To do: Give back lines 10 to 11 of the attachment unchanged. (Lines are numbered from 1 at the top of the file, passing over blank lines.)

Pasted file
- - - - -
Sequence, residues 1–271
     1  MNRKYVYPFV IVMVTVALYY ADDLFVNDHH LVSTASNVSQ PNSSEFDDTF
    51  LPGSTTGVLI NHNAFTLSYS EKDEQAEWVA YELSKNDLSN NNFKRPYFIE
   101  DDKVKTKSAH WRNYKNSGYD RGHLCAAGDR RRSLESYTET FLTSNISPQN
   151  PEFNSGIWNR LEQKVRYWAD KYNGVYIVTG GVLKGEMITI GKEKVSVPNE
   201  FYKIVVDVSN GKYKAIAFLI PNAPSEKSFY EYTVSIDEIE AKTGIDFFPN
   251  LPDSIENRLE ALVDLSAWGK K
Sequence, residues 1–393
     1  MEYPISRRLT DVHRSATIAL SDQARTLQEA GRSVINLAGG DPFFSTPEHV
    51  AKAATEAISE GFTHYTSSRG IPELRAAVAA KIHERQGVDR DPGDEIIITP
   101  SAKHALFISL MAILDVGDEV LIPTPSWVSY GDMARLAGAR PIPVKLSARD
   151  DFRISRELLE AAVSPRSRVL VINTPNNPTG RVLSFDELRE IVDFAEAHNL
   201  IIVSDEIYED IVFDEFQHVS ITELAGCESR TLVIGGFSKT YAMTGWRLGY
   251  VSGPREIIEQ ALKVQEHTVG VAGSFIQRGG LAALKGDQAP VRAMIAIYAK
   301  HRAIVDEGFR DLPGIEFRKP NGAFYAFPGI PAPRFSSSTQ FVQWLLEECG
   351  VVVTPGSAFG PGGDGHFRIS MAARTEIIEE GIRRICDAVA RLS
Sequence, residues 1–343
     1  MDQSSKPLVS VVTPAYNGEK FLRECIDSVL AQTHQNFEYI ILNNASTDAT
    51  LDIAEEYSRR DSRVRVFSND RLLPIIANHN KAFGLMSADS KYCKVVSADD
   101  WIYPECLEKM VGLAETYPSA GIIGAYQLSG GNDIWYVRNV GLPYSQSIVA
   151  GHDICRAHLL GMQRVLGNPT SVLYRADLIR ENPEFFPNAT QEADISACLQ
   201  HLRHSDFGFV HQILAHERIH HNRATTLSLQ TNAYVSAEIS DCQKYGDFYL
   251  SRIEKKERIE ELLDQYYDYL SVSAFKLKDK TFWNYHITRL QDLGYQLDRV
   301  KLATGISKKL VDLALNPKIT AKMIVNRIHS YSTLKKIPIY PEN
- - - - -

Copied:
    51  AKAATEAISE GFTHYTSSRG IPELRAAVAA KIHERQGVDR DPGDEIIITP
   101  SAKHALFISL MAILDVGDEV LIPTPSWVSY GDMARLAGAR PIPVKLSARD